Lange, T. (2012). Job satisfaction and self-employment: Autonomy or personality?. Small Business Economics: an international journal,38(2), 165-177. Retrieved from https://doi.org/10.1007/s11187-009-9249-8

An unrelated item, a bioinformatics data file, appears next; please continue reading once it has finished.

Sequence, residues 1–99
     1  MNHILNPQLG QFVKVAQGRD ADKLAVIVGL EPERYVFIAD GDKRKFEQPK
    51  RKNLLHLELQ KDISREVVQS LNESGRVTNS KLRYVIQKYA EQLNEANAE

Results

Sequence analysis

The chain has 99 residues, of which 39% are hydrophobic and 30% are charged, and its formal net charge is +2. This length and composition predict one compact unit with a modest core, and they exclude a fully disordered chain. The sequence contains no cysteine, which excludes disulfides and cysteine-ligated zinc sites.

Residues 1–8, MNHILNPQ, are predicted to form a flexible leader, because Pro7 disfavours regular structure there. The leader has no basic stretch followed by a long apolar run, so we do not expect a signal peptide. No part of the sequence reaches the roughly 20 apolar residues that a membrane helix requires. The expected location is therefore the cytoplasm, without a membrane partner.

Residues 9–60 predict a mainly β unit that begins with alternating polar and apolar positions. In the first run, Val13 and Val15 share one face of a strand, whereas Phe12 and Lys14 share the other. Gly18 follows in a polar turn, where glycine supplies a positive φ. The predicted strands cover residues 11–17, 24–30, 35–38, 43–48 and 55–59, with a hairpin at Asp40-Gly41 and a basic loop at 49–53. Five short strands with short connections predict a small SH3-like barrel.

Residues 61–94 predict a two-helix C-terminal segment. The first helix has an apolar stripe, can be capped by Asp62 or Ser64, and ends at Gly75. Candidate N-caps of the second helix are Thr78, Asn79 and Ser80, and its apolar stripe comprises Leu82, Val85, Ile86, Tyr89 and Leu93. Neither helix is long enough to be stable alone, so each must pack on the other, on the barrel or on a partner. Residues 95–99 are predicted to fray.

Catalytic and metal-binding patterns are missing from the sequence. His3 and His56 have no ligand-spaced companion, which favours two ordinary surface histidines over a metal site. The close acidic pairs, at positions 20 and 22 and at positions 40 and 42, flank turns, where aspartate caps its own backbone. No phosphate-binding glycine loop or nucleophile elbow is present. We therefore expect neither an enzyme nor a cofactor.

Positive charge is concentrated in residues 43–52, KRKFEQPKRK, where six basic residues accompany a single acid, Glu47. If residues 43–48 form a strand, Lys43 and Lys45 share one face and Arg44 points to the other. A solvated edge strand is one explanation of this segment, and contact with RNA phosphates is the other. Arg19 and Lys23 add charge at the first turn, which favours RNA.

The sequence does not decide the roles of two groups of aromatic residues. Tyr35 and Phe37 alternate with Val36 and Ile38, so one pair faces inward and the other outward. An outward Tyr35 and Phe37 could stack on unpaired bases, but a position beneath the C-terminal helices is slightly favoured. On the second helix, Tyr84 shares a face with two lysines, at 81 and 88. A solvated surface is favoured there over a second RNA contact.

Most studies in the economics discourse argue that the impact of self-employment on job satisfaction is mediated by greater procedural freedom and autonomy. Values and personality traits are considered less likely to explain the utility difference between self-employed and salaried workers. Psychology scholars suggest that entrepreneurial satisfaction also depends, at least in part, on specific values and personality traits. Utilising a large dataset derived from the 2006 European Social Survey, this study performs a complementary analysis by taking personality traits, personal values and indicators for workers’ autonomy explicitly into account. The empirical findings add further strength to economists’ argument that, net of values and personality traits, autonomy and independence are the mechanisms by which self-employment leads to higher levels of job satisfaction. These results hold true for both male and female sub-samples even when a multitude of socio-demographic characteristics, personal values and personality traits are controlled for.
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